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Clin Nutr. 2003 Dec;22(6):577-83.

The importance of clinical factors in parenteral nutrition-associated hypertriglyceridemia.

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Hospital Universitari de Bellvitge, Spain



The purpose of this study was to establish the relevance of several clinical factors associated with parenteral nutrition (PN) hypertriglyceridemia and to construct a predictive model for this complication.


This multicenter study included all patients with initial serum triglyceridemia <3 mmol and receiving a minimum of 7 days' PN therapy. The study ended for each patient when hypertriglyceridemia developed or PN was terminated. Two multivariate models were constructed, one to study the clinical factors and the second to predict plasma triglyceridemia. A total of 22 clinical factors studied as independent variables were included in the multiple-step regression models only when they showed a P-value over 0.1. Statistical significance was determined by the confidence interval of the odds ratio (OR) and the partial regression coefficient (b).


The study included 260 patients from 14 hospitals. Lipid administration was 0.83+/-0.37 g/kg/day. Among the total, 68 patients (26.2%) showed hypertriglyceridemia. Variables included in both models were serum glucose (OR, 2.63; b, 0.06), renal failure (OR, 10.56; b, 1.70), corticoid administration >0.5 mg/kg (OR, 7.98; b, 0.97), pancreatitis (OR, 4.38; b, 0.64), sepsis (OR, 4.48; b, 0.24), lipids infused (OR, 3.03; b, 0.24) and heparin administration >3 mg/kg/day (OR, 0.11; b, -1.21).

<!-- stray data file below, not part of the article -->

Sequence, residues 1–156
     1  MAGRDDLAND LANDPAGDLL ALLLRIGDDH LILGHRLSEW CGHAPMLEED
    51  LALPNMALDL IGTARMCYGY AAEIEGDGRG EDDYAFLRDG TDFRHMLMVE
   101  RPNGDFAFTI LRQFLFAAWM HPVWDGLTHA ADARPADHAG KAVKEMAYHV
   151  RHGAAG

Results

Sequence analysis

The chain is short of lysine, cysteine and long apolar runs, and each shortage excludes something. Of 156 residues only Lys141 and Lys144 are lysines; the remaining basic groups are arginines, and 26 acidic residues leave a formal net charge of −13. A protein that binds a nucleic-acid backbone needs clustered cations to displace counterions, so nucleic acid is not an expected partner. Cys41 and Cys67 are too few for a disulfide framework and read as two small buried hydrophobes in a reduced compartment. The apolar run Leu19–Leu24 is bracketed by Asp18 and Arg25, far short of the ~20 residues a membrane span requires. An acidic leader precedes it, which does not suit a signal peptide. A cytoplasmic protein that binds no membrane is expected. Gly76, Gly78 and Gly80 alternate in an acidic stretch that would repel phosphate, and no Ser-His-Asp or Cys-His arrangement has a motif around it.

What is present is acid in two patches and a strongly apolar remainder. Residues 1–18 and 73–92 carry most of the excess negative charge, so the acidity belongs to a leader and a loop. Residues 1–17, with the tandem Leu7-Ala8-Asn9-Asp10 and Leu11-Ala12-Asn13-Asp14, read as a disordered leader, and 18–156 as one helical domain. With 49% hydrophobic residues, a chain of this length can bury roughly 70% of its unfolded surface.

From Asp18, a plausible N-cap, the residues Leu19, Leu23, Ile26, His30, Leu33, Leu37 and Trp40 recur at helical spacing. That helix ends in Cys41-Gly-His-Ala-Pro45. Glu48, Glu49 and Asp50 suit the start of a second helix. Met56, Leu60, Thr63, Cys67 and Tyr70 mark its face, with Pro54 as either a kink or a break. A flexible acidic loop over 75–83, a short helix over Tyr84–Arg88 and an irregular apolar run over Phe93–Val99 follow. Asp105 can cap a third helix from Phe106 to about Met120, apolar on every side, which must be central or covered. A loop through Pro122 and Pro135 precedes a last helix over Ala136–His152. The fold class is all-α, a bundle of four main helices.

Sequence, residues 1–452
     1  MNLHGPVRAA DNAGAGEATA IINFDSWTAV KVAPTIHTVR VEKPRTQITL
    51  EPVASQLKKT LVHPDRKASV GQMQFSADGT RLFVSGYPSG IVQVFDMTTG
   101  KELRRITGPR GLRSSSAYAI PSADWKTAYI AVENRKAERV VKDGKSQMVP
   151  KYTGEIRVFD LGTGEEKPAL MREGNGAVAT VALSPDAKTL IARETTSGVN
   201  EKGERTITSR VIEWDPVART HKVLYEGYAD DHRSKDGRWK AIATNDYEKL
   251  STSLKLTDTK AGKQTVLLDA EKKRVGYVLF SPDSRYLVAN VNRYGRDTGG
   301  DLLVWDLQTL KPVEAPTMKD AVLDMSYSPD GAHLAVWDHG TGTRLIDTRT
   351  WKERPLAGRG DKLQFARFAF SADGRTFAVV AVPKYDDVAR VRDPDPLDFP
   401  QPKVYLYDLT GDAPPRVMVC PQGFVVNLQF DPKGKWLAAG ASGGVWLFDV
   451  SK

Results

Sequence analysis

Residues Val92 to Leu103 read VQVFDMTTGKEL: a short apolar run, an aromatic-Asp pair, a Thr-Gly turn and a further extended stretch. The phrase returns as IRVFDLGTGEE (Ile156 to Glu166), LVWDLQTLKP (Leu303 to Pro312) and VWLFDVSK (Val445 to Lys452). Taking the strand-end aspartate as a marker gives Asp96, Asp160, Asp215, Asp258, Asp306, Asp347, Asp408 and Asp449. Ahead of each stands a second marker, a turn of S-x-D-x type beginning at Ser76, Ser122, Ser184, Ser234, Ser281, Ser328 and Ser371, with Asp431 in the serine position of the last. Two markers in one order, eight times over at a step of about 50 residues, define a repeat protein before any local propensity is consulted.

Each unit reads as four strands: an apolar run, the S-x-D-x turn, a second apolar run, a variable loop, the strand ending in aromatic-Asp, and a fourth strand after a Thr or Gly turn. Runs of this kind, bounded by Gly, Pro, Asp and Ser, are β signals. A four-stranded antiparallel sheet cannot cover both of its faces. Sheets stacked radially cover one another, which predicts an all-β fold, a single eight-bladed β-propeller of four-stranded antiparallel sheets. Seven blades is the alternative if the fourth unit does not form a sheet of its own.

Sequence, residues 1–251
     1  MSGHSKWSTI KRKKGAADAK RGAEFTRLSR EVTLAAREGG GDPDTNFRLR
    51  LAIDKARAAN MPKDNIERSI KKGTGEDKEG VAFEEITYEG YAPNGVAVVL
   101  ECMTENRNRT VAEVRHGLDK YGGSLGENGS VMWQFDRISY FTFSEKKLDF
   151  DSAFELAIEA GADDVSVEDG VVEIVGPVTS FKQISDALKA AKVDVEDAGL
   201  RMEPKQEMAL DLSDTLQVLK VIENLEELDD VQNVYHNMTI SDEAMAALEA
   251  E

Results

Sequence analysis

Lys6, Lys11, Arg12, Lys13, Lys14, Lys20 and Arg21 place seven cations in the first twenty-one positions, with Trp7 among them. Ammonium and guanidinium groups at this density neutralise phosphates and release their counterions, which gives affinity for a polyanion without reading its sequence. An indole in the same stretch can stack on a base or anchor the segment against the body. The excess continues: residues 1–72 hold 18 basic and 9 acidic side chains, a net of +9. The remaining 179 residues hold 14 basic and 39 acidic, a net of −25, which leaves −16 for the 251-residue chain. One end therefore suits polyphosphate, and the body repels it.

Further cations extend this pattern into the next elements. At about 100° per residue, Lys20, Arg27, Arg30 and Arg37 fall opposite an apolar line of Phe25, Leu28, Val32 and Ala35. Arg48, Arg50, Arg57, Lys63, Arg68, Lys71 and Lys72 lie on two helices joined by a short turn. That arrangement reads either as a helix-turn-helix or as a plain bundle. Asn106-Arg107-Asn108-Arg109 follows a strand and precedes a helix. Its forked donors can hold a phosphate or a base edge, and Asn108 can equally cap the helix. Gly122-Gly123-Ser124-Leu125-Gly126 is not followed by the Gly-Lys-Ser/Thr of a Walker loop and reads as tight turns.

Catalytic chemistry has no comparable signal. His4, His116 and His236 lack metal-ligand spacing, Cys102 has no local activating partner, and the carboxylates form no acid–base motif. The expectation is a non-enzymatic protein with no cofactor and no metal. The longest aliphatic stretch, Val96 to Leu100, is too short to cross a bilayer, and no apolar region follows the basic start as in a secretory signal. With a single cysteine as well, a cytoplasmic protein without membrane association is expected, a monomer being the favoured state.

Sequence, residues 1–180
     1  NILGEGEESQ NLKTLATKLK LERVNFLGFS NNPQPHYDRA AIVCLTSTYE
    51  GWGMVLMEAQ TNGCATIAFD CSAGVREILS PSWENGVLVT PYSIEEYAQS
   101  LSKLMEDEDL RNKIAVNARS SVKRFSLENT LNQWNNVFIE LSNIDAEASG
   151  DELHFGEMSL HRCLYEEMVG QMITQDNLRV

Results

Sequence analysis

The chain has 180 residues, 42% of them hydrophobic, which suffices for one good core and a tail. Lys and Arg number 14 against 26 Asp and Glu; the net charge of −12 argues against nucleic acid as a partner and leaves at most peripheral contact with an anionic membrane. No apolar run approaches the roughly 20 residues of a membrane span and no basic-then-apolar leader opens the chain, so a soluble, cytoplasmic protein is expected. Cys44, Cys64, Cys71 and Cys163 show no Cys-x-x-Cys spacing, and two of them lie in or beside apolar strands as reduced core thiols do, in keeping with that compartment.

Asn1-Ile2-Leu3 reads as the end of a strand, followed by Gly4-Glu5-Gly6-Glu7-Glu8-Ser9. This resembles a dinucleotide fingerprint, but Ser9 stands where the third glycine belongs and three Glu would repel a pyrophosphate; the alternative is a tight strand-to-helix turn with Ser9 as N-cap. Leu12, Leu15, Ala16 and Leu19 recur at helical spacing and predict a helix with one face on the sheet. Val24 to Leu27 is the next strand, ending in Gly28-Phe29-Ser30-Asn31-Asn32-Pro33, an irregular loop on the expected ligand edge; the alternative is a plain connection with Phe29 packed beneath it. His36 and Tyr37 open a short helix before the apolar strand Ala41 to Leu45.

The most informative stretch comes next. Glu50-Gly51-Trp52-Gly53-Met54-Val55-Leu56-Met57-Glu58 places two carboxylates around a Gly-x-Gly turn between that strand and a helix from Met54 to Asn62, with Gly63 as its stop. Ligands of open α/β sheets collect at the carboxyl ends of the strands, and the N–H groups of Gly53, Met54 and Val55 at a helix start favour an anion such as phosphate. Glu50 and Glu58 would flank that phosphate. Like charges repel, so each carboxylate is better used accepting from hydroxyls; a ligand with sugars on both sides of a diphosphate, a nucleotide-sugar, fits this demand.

Although the rate of lipid infusion was low, certain clinical factors modified triglyceridemia. Nevertheless, relatively fast plasma clearance of lipids infused indicates that a reduction in lipid supply could be a quick, effective measure for controlling hypertriglyceridemia. Thus, careful monitoring of patients with clinical factors predicting risk in the model studied, with adjustment of lipid perfusion rates accordingly, is suggested to avoid hypertriglyceridemia.

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